Covering House | St. Louis Public Radio

Covering House

Medical professionals raise hands during a room-wide survey of whether they have provided care to someone they knew or believed was a victim of human trafficking.
Durrie Bouscaren | St. Louis Public Radio

A young woman comes into an emergency room, trailed by a much older boyfriend who answers questions for her. A man with a broken ankle and no identification asks a doctor to promise the hospital will not tell his employer that he sought medical care.  

Advocate and author Christine McDonald, right, listens to U.S. Rep. Ann Wagner of Missouri testify during a public hearing in St. Louis about human trafficking.
File photo | Durrie Bouscaren | St. Louis Public Radio

About three dozen minors in the St. Louis region have been rescued from sex trafficking so far this year, and a nationwide sting last week recovered 149 children, according to the Federal Bureau of Investigation. But during a public hearing in St. Louis, local agencies who help victims said they’re strapped for resources.

Rachel Lippmann | St. Louis Public Radio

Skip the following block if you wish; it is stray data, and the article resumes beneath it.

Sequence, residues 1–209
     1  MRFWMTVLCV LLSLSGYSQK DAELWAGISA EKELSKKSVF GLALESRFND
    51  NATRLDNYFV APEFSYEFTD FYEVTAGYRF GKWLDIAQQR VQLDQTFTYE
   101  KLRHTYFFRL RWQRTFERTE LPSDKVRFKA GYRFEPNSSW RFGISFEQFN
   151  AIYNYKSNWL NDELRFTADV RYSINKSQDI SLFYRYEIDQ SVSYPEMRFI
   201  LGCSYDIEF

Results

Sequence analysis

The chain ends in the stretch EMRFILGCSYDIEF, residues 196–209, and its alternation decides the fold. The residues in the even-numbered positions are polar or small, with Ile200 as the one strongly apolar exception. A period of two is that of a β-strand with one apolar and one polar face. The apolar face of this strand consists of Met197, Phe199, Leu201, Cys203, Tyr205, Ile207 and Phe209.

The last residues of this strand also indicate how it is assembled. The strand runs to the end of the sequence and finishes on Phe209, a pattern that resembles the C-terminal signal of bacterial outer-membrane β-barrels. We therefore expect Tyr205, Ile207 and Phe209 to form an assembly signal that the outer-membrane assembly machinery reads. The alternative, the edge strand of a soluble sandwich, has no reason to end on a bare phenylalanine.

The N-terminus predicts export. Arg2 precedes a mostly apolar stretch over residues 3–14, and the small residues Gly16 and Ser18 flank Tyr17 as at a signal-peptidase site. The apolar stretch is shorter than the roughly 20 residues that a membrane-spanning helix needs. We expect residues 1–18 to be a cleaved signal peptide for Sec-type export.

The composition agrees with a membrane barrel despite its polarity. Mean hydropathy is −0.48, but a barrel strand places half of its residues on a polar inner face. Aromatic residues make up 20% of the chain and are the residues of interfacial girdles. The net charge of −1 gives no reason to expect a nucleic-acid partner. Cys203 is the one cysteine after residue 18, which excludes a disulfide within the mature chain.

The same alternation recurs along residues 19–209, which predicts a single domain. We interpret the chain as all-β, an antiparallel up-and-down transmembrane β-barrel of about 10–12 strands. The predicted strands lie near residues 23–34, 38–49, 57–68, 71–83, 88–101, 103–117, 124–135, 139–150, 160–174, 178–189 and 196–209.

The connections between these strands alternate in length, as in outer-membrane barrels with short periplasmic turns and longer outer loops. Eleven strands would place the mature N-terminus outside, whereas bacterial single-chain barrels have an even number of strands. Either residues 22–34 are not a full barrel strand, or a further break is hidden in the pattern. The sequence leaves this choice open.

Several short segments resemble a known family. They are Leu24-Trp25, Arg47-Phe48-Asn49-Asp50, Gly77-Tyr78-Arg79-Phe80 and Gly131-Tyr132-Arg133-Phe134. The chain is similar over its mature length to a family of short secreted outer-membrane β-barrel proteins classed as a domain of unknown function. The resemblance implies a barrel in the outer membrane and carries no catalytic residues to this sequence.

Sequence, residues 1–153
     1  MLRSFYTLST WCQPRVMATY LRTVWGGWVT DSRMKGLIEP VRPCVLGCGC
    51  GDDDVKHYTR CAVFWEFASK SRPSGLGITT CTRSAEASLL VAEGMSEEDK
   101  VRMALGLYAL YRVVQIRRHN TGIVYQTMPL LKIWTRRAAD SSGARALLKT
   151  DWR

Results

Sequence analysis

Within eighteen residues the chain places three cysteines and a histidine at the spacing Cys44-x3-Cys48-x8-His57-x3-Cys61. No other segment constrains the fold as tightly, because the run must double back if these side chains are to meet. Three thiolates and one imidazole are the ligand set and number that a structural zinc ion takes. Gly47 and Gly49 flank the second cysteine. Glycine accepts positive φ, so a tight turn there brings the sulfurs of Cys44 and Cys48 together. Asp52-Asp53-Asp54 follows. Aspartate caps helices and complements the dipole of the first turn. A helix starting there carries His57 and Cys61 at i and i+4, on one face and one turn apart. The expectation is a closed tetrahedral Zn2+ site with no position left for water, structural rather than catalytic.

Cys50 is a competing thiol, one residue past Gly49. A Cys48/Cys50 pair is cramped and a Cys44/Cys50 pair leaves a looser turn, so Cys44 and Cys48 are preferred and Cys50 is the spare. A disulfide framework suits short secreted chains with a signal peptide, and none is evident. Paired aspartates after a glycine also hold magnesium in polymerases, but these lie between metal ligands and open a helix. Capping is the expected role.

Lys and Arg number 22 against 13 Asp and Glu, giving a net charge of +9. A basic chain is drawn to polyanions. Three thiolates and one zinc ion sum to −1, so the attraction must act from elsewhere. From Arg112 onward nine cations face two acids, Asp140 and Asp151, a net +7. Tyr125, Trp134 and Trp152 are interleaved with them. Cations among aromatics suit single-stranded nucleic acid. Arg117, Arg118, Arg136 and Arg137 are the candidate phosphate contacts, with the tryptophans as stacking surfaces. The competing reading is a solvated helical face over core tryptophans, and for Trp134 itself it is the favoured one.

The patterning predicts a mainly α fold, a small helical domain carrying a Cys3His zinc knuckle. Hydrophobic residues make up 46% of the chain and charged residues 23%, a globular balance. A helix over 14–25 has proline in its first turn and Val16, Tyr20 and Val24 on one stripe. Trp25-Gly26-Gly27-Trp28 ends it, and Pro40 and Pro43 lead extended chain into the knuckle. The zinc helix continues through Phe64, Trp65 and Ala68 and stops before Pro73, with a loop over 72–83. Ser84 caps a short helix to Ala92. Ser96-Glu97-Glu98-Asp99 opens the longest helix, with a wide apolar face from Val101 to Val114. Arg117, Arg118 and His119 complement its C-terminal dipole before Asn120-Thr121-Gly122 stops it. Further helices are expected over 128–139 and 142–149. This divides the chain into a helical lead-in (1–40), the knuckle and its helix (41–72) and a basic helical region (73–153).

Feb. 1 is Super Bowl Sunday. By presidential declaration, it’s also Freedom Day, marking the end of National Slavery and Human Trafficking Prevention Month.

As awareness of human trafficking has grown, lawmakers at the state and national levels have been doing what they can to combat it. But most of the heavy lifting falls on the shoulders of non-profits.

This article first appeared in the St. Louis Beacon, July 11, 2011 - The Millennium hotel offers its guests superb views of the Arch and Old Cathedral, but the convention of 900 sisters of St. Joseph put that aside and explicitly chose to gather in St. Louis -- and at this hotel -- for their five-day meeting because the hotel management shared the nuns' determination to protect children from commercial exploitation, especially sexual exploitation.